were coming off deficits of $17 billion, $13 billion, $10 billion, as I recall. That is,

you were adding $17 billion to Commonwealth debt, $13 billion, $10 billion. The five

Budgets before I became Treasurer, the cumulative deficit was $80,000 million under Labor.

80,000 millions of dollars. We put the Budget back into balance, that is, we stopped

running up debt and we started paying it back. This Government has not borrowed a dollar

since it came to office. We have not increased Commonwealth debt by net one dollar, coming

off five years where the cumulative borrowing was 80,000’s of millions of dollars.

Now, that was an incredible fiscal turnaround, and it’s one that we intend to build

on. We’ve now had three surplus Budgets in a row and our policy is, on next Tuesday,

to make it four, and while economic growth continues to make further surpluses in the

future. But, this has given us an incredibly strong position in paying down Labor’s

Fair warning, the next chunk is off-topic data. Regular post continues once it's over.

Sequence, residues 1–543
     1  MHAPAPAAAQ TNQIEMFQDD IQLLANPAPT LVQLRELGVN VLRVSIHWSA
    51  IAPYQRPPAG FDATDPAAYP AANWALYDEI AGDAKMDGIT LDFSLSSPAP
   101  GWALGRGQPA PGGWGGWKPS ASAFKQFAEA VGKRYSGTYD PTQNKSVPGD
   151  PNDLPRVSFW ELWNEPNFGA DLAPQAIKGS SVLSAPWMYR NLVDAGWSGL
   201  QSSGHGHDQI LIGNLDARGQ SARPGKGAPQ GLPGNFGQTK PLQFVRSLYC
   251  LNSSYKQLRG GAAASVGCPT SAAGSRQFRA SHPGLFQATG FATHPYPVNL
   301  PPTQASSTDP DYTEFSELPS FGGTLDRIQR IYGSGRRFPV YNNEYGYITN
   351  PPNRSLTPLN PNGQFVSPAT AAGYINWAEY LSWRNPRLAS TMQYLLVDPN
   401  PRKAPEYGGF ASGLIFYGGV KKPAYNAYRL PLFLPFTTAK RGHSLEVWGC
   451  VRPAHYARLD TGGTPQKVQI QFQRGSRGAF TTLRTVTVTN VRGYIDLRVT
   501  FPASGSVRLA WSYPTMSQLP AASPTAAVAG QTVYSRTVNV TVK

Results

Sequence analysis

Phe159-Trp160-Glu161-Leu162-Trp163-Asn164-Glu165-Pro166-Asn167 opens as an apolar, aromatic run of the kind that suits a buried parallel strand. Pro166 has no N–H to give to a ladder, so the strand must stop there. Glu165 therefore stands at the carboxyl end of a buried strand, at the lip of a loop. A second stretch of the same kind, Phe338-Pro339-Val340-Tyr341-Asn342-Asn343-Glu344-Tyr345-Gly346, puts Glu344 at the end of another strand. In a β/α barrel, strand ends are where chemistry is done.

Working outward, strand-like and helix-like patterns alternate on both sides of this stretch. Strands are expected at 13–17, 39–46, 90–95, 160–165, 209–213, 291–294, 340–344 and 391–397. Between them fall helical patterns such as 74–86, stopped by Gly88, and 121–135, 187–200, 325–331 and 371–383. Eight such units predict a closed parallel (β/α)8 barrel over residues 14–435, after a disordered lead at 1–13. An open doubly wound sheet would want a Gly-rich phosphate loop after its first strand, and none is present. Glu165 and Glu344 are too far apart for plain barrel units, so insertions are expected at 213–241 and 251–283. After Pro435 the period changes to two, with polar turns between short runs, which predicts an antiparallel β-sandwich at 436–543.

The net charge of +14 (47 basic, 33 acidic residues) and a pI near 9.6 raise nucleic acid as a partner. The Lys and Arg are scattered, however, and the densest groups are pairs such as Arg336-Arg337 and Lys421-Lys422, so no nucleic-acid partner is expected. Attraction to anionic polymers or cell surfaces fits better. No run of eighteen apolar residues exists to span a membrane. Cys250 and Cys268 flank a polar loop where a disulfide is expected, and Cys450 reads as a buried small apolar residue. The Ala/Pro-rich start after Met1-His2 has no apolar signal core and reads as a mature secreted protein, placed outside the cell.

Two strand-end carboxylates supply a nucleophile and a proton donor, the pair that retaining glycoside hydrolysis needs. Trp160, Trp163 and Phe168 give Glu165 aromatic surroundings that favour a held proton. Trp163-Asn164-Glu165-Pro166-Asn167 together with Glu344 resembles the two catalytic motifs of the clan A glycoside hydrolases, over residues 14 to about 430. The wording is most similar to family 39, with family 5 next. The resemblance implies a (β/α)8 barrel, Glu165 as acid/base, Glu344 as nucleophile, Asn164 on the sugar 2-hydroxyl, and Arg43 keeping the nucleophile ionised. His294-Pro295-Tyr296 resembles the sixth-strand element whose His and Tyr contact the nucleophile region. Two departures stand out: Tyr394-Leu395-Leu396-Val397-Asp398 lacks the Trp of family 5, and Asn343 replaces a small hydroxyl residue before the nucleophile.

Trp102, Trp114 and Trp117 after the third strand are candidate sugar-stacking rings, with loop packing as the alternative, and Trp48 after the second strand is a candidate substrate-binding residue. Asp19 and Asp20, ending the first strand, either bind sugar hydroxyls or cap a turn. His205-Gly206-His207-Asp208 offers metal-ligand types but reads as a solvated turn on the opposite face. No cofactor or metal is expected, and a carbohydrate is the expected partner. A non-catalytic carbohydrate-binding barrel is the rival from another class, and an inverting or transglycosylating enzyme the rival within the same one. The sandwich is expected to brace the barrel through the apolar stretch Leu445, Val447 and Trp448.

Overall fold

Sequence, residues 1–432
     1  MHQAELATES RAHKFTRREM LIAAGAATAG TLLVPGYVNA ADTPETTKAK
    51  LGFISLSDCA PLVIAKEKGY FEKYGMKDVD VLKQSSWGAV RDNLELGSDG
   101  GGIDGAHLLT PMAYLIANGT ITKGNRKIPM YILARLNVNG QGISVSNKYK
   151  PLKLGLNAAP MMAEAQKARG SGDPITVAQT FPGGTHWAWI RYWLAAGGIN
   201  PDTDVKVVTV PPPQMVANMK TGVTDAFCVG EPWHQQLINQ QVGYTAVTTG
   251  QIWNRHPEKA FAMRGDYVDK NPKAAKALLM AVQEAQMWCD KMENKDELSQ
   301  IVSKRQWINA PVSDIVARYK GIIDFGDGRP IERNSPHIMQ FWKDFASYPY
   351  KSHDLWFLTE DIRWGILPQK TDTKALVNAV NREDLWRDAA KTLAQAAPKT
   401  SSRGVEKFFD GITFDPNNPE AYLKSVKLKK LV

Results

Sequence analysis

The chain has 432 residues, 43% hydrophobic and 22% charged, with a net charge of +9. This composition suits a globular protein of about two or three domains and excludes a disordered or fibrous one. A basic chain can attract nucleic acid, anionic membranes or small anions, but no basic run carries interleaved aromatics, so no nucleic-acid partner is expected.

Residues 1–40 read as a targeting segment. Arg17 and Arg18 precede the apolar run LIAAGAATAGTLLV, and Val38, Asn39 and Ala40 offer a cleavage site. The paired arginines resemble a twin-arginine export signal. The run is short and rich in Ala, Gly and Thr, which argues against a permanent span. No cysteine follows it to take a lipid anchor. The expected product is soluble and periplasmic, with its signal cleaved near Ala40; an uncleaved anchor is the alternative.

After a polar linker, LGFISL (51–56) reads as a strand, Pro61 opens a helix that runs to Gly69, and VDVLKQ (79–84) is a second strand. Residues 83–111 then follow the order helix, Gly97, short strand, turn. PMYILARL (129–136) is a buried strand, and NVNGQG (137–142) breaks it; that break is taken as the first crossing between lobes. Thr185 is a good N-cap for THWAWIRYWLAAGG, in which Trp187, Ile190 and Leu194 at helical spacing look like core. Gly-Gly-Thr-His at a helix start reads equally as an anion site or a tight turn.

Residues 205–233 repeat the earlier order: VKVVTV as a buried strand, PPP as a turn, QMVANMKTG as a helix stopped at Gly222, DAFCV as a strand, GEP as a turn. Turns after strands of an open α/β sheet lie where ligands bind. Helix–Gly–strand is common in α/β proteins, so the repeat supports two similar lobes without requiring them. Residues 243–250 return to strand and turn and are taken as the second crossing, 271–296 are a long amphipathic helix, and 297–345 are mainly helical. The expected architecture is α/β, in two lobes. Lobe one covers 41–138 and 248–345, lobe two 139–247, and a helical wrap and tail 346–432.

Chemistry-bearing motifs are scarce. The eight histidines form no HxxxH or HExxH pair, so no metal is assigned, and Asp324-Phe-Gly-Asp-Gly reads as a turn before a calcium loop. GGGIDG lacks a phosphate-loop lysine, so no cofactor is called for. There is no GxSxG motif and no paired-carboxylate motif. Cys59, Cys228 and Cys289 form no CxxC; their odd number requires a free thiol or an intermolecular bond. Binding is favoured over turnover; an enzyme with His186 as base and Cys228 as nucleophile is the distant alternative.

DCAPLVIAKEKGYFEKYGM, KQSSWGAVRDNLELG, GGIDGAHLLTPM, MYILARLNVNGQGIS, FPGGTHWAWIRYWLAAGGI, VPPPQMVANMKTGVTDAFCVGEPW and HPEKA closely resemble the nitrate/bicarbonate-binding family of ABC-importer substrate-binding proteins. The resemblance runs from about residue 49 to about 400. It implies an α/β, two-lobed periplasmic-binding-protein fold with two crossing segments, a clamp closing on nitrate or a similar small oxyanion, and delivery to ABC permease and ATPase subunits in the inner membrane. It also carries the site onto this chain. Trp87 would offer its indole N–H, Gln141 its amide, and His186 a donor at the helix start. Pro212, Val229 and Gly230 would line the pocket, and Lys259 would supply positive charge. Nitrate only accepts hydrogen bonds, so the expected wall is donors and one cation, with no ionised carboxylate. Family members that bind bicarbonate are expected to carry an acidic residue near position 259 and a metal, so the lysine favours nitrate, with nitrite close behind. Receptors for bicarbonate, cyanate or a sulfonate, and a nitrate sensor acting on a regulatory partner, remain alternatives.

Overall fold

debt. Again, I’m restricted because I can’t go into what’s going to happen

next Tuesday. But, not only have we not borrowed a dollar in net terms since we were

elected in March of 1996, but we have substantially paid down the Labor debt, which was

$80 billion when we were elected. Now, that is an incredibly strong fiscal position . . .


Isn’t the case . . .


. . . and we intend to maintain it. And at the same time do the big structural changes

which will set this economy up for a long time into the future, the big tax changes which

will secure the revenue base for decades. May I make one last point, and I’ll close

on this. If we hadn’t done the big structural changes which are going to take place

on 1 July, let’s make this point, then our indirect tax, which was based on a